On Saturday, Tony Dungy will become the first African-American head coach in the modern era to be enshrined into the Pro Football Hall of Fame. Raiders great Art Shell went in primarily as a player. Saturday will be history.
Just as it was history the night Dungy became the first African-American NFL coach to win Super Bowl XLI in 2007, when his Indianapolis Colts defeated his friend Lovie Smith's Chicago Bears.
"Just like I said at the Super Bowl, I'm happy, I'm proud," Dungy said. "But I also I know I shouldn't have been the first."
He thought of other men.
Men like Eddie Robinson and Florida A&M's Jake Gaither. Men like John Merritt and Willie Jeffries. Head coaches at historically black colleges who never got a shot at the NFL.
"This is basically a thank you," Dungy said. "These are the men who laid the foundation, who might already be here in Canton if they'd gotten the same opportunity to be a head coach in this league."
He thought of those who went before him. He thought of those who will follow him — and who will face numbers that still speak to a stark reality.
A recent article by ESPN's Mike Sando laid it out: Of the 22 first-time head coaches hired in the NFL over the past five years, only one has been a minority: Todd Bowles. Sando's story noted that the ratio was nearly identical two decades ago.
"The numbers didn't surprise me at all," Dungy said. "You kind of observe it. I'm going to talk a little bit about it in my speech."
Yes, there are six minority head coaches in the league.
"We've definitely come a long way from where we were," Dungy said. "But if you're an up-and-coming assistant coach, are you as likely to become a head coach for the first time if you're a minority? You look at the numbers and you'd have to say no, you're not."
When Dungy came into the league as a player in 1977 with the Steelers, "there were only 10 black assistant coaches in the whole league." And there was 1993. Dungy was working for the Vikings.
"We had the No. 1 defense in football," he said. "I was the (defensive) coordinator. That was the one year I was discouraged. There were seven head coach openings and I didn't get one call. I don't mean no interviews — not one phone call."
We've come a long way. But there is still more road to travel.
The Rooney Rule was created in 2002 to ensure that minority coaches would be interviewed. One reason the rule was created was because both Dungy and his friend and mentor, the late Dennis Green, had been fired despite all their winning.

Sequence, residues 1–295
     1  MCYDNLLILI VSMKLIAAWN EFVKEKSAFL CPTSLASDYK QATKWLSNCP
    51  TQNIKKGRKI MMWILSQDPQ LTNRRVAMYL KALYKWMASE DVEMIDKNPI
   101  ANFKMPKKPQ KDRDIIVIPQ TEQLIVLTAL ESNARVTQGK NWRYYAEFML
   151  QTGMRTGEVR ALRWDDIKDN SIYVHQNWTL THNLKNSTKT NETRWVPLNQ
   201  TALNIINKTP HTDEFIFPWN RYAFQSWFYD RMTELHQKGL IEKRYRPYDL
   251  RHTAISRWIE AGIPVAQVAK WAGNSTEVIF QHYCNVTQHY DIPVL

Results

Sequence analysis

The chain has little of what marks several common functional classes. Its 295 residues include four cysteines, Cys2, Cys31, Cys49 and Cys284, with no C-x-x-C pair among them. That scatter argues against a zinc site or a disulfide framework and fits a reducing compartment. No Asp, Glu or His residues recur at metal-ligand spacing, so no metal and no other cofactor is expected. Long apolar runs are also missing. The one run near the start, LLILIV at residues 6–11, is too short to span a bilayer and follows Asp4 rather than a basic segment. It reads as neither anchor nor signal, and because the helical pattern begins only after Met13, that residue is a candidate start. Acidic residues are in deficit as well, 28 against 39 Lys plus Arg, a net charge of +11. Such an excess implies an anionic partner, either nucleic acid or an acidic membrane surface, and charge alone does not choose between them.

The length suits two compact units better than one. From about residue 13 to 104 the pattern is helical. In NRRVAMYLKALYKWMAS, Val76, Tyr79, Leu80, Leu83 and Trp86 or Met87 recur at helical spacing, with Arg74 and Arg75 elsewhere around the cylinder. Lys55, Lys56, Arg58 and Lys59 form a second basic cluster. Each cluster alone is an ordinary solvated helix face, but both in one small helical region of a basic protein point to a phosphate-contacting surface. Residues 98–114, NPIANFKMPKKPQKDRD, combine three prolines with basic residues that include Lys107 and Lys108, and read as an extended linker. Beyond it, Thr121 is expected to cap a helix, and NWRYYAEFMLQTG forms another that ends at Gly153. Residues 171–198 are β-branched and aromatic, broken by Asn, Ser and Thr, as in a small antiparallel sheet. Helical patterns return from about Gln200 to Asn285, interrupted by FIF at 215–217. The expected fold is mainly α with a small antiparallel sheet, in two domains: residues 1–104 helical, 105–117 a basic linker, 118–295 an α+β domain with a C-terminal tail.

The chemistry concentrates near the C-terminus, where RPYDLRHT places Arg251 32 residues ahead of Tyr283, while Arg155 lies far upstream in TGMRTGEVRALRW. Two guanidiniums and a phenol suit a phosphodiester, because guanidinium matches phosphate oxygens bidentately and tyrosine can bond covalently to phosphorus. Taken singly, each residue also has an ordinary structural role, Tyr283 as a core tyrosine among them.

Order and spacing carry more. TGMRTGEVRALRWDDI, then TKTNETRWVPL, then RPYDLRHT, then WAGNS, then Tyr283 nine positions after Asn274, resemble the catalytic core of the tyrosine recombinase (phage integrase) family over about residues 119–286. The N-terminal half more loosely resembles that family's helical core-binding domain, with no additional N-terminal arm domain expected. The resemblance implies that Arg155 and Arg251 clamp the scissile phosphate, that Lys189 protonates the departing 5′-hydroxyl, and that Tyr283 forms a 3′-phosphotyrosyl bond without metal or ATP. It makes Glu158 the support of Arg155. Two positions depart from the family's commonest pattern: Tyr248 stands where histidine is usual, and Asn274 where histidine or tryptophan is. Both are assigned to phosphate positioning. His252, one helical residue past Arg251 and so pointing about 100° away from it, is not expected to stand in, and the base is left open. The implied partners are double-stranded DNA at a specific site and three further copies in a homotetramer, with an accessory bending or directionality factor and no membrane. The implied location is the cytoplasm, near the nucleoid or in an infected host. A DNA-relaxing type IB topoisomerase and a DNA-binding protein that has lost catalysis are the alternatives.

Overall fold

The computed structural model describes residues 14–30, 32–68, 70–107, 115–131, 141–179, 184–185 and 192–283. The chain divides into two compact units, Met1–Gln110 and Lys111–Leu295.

"The Rooney Rule, the genius of it, is it made you slow down, think outside the box, take your time," Dungy said. "Lately, people haven't been doing that. It's, 'Let me interview a minority or two as fast as I can and get about the business of hiring people quick, the hot name.' I think we've missed the spirit of the rule. … The numbers pre-Rooney, post-Rooney, they're all the same."
Dungy blazed trails for others. It's a profound legacy. Herm Edwards, who coached under Dungy with the Bucs, became a head coach. Dungy brought Smith from college football to the Bucs in 1996. In 2001, Dungy added college coaches Mike Tomlin and Jim Caldwell to the Bucs staff. Smith, Tomlin and Caldwell are the only other black head coaches to have led teams to the Super Bowl. Dungy guys.
"What about Tony Dungy is not historic?" Tomlin said before Dungy was elected to the Hall. "For guys like me, he was a living, breathing role model. He really provided great clarity in terms of what I wanted to do and how I wanted to do it."
"I'm proud of the fact that I brought them into the league," Dungy said. "I'm way more proud of that than being first at anything."
Dungy thought of Chuck Noll. The Steelers' Hall of Fame coach hired Dungy as a defensive backs coach in 1981, when Dungy was 25. Three years later, Noll made Dungy the first black defensive coordinator in the NFL.
"I'll always be grateful to Coach Noll," Dungy said. "He thought I was a good, young guy who could help us. That was something that didn't happen for many African-American coaches at that time."
Saturday is a big night for Tony Dungy. It's history. That isn't lost on him.
Neither are those names.
Robinson, Gaither, Merritt, Jeffries …
"I know I shouldn't have been the first," Dungy said, "but I know I won't be the last."